Investment Treaties and Shareholder Claims for Reflective Loss: Insights from Advanced Systems of Corporate Law
OECD Working Papers on International Investment 2014/02
33 Pages Posted: 26 Jun 2015
Date Written: July 23, 2014
Corporate law in advanced domestic legal systems on the one hand, and typical treaties for the protection of foreign investment on the other hand, treat claims for damages by company shareholders differently. Advanced domestic systems generally bar shareholders from claiming for reflective loss – loss that arises from injury to "their" company (such as a decline in the value of shares). The claim for the loss belongs to the injured company and not to its shareholders. In contrast, shareholder claims for reflective loss have been widely permitted under typical investment treaties over the last 10 years. Ongoing OECD-hosted inter-governmental dialogue on investment law is considering whether there are policy reasons justifying the different approaches to shareholder claims for reflective loss.
This paper examines shareholder claims for reflective loss under investment treaties in light of comparative analysis of advanced systems of corporate law. It considers the impact of allowing shareholder claims for reflective loss on key characteristics of the business corporation. It also explores possible responses by different categories of investors to the availability of shareholder claims for reflective loss under investment treaties. The paper has been discussed by governments participating in an OECD-hosted investment roundtable.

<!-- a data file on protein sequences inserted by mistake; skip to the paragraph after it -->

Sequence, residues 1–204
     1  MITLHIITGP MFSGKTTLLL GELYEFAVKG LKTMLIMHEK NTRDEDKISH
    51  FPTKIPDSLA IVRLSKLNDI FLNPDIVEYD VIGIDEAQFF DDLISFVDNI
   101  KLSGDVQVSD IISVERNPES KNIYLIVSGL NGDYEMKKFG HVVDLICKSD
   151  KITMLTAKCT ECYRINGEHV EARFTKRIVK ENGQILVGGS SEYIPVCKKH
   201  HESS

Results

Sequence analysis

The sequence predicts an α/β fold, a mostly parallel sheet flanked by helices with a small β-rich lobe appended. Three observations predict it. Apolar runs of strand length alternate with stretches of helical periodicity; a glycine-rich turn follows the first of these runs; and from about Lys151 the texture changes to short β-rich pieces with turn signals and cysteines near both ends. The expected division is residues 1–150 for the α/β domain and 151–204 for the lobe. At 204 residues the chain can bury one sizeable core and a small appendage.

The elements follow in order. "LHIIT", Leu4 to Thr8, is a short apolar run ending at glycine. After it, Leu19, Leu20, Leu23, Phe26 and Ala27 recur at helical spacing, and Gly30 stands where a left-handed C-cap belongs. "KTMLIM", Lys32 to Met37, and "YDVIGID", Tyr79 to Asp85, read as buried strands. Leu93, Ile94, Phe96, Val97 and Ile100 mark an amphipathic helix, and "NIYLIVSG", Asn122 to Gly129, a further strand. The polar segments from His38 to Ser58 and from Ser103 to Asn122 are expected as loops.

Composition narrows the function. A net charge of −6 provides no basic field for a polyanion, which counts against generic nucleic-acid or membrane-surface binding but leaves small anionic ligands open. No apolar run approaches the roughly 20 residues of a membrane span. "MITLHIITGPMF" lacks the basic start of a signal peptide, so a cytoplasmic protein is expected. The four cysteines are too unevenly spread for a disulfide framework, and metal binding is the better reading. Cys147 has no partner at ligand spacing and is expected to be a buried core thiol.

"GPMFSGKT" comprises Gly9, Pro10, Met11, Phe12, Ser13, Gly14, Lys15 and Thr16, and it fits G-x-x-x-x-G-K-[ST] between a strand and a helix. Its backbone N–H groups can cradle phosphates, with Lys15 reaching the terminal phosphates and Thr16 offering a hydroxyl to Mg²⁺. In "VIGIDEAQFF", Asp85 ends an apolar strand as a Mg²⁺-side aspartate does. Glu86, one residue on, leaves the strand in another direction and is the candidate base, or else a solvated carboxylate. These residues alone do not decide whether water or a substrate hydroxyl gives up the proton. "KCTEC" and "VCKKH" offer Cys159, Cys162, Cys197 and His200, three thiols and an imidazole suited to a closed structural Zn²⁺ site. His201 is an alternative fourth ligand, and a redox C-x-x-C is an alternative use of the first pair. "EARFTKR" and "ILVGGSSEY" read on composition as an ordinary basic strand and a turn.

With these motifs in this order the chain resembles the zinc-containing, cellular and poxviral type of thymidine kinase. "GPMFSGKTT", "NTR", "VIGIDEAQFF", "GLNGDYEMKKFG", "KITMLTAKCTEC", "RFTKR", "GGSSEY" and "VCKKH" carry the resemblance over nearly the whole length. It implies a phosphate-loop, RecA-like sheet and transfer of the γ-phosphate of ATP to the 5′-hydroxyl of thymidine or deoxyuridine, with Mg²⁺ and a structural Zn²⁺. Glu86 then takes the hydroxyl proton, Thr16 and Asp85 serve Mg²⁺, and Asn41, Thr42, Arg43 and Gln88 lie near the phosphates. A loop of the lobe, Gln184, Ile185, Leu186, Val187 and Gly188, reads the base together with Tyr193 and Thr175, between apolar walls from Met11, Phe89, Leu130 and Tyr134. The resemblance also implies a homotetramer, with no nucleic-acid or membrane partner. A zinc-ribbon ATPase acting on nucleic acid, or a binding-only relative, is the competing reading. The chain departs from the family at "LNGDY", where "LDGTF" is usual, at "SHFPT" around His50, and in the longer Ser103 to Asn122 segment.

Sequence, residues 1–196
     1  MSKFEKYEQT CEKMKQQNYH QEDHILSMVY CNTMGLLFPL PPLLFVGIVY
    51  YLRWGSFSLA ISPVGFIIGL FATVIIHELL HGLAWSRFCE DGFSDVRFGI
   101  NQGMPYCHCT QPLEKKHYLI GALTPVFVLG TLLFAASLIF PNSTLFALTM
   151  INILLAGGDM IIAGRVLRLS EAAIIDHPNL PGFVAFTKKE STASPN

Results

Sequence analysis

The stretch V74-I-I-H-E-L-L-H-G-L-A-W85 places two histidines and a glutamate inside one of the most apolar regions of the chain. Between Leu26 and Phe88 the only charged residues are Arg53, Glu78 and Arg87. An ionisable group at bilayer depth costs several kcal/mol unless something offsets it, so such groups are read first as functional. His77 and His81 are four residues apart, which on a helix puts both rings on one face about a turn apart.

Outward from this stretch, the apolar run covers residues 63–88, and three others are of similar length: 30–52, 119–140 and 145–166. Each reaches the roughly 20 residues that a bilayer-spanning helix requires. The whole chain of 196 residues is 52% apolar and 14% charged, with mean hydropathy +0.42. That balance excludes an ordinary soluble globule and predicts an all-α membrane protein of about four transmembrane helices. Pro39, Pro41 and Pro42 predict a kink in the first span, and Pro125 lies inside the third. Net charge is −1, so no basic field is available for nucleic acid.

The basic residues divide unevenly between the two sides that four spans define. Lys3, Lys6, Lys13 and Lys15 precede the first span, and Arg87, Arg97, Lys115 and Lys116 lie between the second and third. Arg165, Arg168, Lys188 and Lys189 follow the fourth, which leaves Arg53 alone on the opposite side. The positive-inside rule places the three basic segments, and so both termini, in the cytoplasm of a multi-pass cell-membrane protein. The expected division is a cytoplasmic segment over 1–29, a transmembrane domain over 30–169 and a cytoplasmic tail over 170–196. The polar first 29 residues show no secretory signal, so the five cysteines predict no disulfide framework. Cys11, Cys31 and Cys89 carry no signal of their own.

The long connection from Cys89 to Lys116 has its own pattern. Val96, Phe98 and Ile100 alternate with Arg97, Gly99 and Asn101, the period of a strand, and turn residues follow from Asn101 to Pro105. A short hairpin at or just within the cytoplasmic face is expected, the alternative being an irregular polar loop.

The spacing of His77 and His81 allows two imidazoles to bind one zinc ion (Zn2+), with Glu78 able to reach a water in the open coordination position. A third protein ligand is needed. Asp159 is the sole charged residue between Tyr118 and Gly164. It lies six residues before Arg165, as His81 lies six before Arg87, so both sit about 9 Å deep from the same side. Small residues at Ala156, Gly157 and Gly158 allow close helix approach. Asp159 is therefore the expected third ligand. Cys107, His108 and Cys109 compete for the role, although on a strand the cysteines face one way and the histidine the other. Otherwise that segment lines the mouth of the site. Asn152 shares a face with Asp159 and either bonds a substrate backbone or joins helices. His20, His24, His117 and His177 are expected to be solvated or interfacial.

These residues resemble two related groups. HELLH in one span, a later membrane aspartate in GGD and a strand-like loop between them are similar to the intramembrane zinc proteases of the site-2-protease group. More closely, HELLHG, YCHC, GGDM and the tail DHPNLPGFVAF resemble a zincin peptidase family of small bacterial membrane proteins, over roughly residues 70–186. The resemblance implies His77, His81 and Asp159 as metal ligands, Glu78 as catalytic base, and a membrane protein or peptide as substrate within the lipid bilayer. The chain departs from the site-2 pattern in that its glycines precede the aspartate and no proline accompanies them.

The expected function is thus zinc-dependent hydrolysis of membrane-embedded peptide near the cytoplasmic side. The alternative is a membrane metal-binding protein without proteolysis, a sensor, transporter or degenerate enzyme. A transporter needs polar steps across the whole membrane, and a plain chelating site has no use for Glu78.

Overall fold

Keywords: shareholders, comparative law, investment treaties, investment agreements, reflective loss, derivative loss, creditors, arbitrators, arbitration, corporations, business corporation, companies, entity shielding, competition, separate legal personality, foreign investment
JEL Classification: F21, F23, F53, F55, F63, G32, G34, G38, K23, K33, K41
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